What is ‘cash basis’?
Cash basis, introduced several years ago in the UK, is a way for sole traders or partners to work out your expenses for self-assessment tax. It suits some small businesses better than traditional accounting as you only need to declare money when it comes in and out of your business. At the end of the tax year, you won’t have to pay income tax on money you didn’t receive in your accounting period.
Who can use cash basis?
You can use cash basis if you:
- Run a small self-employed business such as a sole trader or partnership
- Have a turnover of less than £150k per year
- If you have more than one business and want to use cash basis, you must use it for all the businesses which must have a cumulative turnover of less than £150k
- If your business grows during the tax year you can use cash basis up-to a total business turnover of £300k, however, traditional accounting should be used for the next tax return
Who can’t use cash basis?
This list outlines which businesses can’t use cash basis:
- Limited companies and limited liability partnerships
- Lloyd’s underwriters
- farming businesses with a current herd basis election
- farming and creative businesses with a section 221 ITTOIA profit averaging election
- businesses that have claimed business premises renovation allowance
- businesses that carry on a mineral extraction trade
- businesses that have claimed research and development allowance
- dealers in securities
- relief for mineral royalties
- lease premiums
- ministers of religion
- pool betting duty
- intermediaries treated as making employment payments
- managed service companies
- waste disposal
- cemeteries and crematoria
What is the Cash Basis and how does it work?
The Cash Basis is basically a much simpler way of recording your income and expenses for the purposes of your tax return. You basically record money when it comes in and goes out of your business. All money counts cash, card payments, cheques, postal orders, Paypal payments, BACS transfers. You may choose how you record when money is received or paid, for instance the date money leaves your bank account or the date a cheque is written. You must then use the same method each year. Cash Basis doesn’t change the expenses you may claim, just when you claim them. They still have to be valid business expenses of course. So expenses such as electricity and fuel, stationery, things you purchase to sell on, and bank charges are deductible against income when you physically pay for them. Interest payments or bank charges up to a limit of £500 are allowed. It is no longer necessary to calculate and claim Capital Allowances. Instead all purchases of equipment and furniture for ongoing use in the business are deductible in full against income as they are paid for. This system is ideal for smaller sized businesses because you will only pay tax on money you have received from customers. You won’t pay tax on invoices you have issued to customers if they have not paid you at the year end. This is completely different to traditional accounting, called the Accruals Basis. Using the Accruals Basis (which you may still use if you would prefer), income and expenses are recorded when an invoice is issued to customers or is received from suppliers. This means income tax is payable on invoices issued to customers even if the invoice remains unpaid at the year end. One thing which is immediately apparent from this is the adverse effect on cash flow of this system as opposed to the cash basis.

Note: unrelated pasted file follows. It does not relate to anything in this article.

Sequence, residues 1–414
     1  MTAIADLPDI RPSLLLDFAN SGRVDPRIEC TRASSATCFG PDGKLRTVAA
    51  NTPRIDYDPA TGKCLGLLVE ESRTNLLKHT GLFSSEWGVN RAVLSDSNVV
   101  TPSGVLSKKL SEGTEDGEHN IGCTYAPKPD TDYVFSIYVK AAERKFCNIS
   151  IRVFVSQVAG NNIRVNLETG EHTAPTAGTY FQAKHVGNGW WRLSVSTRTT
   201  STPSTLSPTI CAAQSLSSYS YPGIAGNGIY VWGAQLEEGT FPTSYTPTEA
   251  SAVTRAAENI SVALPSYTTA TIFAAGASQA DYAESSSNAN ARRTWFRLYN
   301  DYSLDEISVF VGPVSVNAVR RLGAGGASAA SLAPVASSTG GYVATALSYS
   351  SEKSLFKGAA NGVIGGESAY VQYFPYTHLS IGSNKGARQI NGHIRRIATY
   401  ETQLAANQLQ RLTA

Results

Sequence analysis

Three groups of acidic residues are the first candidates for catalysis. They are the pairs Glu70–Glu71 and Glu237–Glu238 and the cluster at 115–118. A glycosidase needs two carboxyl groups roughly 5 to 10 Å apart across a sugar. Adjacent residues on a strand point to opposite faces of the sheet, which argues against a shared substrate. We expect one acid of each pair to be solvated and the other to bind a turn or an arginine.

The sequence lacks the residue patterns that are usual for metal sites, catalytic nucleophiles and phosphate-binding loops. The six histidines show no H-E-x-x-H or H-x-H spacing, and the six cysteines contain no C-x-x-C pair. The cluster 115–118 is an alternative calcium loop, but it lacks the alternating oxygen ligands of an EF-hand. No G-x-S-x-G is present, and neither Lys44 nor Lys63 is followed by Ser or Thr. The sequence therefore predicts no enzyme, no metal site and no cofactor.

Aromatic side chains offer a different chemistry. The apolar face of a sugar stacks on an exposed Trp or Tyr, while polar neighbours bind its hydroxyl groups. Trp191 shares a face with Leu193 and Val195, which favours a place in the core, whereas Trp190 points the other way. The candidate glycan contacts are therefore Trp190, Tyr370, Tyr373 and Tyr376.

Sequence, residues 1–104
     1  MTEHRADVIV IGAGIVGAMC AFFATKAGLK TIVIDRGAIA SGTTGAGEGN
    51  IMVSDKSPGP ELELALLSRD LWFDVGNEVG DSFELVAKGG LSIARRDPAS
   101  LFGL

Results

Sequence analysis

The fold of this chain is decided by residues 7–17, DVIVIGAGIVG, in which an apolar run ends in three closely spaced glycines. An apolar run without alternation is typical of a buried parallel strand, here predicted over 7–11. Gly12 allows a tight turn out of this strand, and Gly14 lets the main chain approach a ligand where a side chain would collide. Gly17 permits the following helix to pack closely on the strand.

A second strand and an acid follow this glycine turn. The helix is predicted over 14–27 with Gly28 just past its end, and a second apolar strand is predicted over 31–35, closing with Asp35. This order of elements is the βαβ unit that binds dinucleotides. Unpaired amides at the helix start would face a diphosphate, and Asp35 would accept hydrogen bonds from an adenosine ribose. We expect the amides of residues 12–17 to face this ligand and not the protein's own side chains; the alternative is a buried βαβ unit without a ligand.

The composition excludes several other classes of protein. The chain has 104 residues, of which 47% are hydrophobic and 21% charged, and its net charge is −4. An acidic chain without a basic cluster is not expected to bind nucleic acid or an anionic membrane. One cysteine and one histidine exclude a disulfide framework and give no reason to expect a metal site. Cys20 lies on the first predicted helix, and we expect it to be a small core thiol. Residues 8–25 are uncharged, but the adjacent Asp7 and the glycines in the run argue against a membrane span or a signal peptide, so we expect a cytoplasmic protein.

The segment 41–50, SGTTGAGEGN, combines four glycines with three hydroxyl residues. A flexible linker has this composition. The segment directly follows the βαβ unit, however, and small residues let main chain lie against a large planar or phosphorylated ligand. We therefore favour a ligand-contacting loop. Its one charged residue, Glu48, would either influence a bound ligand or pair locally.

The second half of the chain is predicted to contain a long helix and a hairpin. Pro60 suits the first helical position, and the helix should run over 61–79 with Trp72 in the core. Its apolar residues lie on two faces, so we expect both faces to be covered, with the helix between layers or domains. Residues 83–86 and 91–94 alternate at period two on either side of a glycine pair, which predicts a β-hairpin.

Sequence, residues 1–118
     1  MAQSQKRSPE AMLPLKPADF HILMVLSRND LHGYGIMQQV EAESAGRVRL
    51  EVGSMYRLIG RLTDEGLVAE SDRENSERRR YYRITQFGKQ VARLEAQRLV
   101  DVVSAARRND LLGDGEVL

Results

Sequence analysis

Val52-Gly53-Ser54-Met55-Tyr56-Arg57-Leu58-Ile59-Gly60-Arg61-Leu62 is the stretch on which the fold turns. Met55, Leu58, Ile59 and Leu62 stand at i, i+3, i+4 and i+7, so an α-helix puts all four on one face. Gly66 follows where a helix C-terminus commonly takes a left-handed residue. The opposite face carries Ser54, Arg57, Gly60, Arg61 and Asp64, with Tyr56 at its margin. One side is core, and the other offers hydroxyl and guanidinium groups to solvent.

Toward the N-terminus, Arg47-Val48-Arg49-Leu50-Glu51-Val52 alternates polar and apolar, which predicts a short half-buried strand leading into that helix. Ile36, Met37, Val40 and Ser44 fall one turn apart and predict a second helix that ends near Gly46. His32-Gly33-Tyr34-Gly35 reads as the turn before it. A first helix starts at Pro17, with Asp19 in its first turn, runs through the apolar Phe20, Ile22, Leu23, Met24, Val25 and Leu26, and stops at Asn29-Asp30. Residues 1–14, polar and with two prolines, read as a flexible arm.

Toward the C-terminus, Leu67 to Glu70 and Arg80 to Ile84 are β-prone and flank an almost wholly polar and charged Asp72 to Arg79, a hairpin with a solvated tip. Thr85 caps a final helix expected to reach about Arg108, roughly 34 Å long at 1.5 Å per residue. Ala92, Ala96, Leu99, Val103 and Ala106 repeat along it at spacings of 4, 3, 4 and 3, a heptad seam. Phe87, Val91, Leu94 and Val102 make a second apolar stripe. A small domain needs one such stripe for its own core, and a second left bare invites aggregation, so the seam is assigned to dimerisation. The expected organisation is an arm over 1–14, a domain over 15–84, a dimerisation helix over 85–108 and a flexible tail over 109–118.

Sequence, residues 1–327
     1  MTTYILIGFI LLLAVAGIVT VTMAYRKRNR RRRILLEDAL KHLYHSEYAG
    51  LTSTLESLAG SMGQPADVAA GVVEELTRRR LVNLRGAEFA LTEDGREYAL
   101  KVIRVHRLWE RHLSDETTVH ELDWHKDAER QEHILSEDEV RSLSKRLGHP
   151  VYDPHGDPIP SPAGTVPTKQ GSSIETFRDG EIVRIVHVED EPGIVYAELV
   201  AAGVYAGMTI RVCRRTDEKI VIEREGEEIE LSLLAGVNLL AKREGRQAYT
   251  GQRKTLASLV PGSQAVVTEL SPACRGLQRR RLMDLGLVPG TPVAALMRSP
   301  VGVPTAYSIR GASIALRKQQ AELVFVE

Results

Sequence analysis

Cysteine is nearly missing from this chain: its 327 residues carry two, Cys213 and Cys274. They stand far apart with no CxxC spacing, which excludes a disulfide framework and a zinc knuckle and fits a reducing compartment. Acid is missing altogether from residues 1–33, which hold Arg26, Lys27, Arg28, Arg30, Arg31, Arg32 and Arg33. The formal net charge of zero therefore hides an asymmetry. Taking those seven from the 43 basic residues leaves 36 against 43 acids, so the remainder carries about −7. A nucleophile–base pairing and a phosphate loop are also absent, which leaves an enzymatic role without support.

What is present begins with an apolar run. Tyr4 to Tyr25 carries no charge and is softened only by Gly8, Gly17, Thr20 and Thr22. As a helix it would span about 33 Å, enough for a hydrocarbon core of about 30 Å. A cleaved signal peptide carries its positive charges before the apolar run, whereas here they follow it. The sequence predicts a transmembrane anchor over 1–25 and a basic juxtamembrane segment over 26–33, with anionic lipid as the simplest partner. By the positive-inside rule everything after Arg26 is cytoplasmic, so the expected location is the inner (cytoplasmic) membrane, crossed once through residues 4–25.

In summary the cash basis is a much-simplified way of recording income and expenses for small businesses. It allows you to record transactions as money is received or paid as opposed to recording them when invoices are issued to customers or received from suppliers. The biggest advantage of this scheme is you only pay tax on income when money is received from customers. It’s not suited to all small businesses and is optional. However, it certainly may have cash flow advantages for some!
Get professional advice
Please remember this is just a very brief outline of how cash basis can be used and by whom. Please get in touch for professional advice or more information.
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